More on Mentoring

In my last blog I wrote about some of the aspects of my July trip to Kenya and Rwanda. I included some comments about mentoring. Then last week I presented a workshop titled “Peer Mentoring for Students and Teachers” at the Gaston County Teaching and Learning Conference.

Mentoring is one of the most powerful yet underrated and underutilized personal development tools. We could all become stronger and more proficient in what we do if we participated more in mentoring relationships. And mentoring can help us develop in many different spheres of our lives – our vocations, volunteer and community work, church work, and even hobbies.

Simply put, mentoring is a pair of individuals working together in order to achieve specific objectives for skills growth and development. The pair consists of an individual who as skill, knowledge and experience (the mentor) that the other individual (mentee or protégé) has a need to acquire. And the mentor also benefits from the relationship in that he or she is growing their leadership and coaching skills.

Traditional and Peer Mentoring: The three young men in the back are community volunteers in Gisenyi, Rwanda who have set up an informal weekend mentoring program with 14 and 15-year-old street orphans to encourage them to stay in school to build a better life. The boy on the left is 15-years-old and often watches out for, mentors and takes care of some of the 14-year-olds.

And there are various types of mentoring relationships:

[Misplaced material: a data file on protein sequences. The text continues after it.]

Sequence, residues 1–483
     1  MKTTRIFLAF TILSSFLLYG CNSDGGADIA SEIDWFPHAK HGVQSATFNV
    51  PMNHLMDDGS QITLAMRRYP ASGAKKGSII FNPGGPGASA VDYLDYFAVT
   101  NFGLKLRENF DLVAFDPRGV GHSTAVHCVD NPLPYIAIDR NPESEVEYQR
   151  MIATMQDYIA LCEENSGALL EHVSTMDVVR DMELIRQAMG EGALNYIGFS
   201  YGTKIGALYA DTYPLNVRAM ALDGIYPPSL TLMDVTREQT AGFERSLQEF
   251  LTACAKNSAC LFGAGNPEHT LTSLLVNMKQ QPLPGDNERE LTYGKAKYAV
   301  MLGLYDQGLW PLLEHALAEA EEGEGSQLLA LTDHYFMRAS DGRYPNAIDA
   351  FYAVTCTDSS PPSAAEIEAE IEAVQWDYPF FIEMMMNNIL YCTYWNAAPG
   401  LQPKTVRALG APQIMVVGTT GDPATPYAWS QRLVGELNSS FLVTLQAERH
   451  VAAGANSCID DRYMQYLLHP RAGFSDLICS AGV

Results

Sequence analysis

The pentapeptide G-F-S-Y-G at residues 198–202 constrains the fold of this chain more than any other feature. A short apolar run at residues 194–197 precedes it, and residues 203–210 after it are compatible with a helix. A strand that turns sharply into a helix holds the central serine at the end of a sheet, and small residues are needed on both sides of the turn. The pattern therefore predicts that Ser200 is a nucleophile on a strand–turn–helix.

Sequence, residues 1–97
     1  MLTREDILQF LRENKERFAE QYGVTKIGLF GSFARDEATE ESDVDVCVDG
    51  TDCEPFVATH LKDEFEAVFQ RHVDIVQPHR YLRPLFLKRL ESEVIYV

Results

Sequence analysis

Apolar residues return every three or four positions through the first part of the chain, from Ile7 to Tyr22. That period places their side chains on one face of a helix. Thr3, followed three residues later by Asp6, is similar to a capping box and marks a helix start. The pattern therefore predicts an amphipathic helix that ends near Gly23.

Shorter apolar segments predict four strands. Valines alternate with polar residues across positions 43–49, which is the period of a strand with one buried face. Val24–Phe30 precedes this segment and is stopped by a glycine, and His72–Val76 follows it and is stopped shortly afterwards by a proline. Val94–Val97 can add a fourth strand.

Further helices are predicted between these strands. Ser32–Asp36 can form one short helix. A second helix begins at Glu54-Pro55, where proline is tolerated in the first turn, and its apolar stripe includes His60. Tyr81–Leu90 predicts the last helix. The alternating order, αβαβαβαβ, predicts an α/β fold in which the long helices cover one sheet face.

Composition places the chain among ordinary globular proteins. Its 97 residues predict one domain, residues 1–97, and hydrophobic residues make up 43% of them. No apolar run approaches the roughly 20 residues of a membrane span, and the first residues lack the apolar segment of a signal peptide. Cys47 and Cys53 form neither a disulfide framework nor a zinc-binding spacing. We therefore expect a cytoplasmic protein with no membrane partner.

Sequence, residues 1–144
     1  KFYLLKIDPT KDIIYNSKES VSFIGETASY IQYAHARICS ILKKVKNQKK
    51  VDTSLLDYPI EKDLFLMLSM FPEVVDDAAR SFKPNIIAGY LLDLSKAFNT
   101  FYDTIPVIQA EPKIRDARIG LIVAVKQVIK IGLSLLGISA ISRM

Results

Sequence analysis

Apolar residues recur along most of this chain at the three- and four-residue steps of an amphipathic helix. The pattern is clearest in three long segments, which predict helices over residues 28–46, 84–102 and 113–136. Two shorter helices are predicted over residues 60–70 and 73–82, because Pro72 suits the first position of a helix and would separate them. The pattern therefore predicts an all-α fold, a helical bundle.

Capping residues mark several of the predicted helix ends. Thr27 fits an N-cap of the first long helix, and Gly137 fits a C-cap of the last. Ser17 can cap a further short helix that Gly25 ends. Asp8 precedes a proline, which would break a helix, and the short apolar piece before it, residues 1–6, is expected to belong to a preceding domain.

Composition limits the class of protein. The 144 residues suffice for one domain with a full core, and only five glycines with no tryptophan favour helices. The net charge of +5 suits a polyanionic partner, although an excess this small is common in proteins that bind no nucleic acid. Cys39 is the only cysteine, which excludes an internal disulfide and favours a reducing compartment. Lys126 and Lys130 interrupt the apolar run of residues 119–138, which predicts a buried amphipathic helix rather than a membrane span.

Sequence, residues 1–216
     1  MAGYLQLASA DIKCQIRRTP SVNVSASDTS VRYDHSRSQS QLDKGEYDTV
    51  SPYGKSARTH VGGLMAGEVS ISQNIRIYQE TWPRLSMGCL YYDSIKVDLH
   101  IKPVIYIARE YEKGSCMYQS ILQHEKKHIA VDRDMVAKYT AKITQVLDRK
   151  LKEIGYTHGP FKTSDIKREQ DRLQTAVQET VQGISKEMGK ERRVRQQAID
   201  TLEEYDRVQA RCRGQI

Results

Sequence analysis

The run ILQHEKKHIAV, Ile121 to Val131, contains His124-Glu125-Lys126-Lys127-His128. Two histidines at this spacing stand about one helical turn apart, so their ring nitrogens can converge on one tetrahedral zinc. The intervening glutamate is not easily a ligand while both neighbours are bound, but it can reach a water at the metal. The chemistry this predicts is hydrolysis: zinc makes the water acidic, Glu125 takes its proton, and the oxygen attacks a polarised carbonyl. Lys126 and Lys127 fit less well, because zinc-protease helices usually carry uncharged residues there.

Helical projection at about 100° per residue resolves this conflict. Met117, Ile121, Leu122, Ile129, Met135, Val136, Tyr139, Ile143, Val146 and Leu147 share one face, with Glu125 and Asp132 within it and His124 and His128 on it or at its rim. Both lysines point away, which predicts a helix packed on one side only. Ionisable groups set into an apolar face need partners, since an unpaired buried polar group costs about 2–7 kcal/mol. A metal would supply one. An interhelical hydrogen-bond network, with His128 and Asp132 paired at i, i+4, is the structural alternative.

Traditional – two people of different rank or status where the senior mentors the junior – such as teacher to student or sales manager with a new salesperson.
Peer – where two people of the same rank or status form a mutual mentoring relationship – such as two teachers or two employees in the same job
Reverse mentoring – a new concept where the traditionally junior member of the relationship actually mentors a senior person in an area of life knowledge – such as a student who grew up in a ghetto mentoring a white teacher who has always lived in a suburban middle class environment.

These mentoring relationships can range from structured and scheduled to informal where the mentee occasionally contacts the mentor periodically when he or she needs assistance. And finally, one benefits most by having multiple mentoring relationships addressing various aspects of life and vocational growth at the same time. This is termed as having a “constellation of mentors.”

Feel free to email me at [email protected] if you want me to send you a copy of my mentoring powerpoint presentation.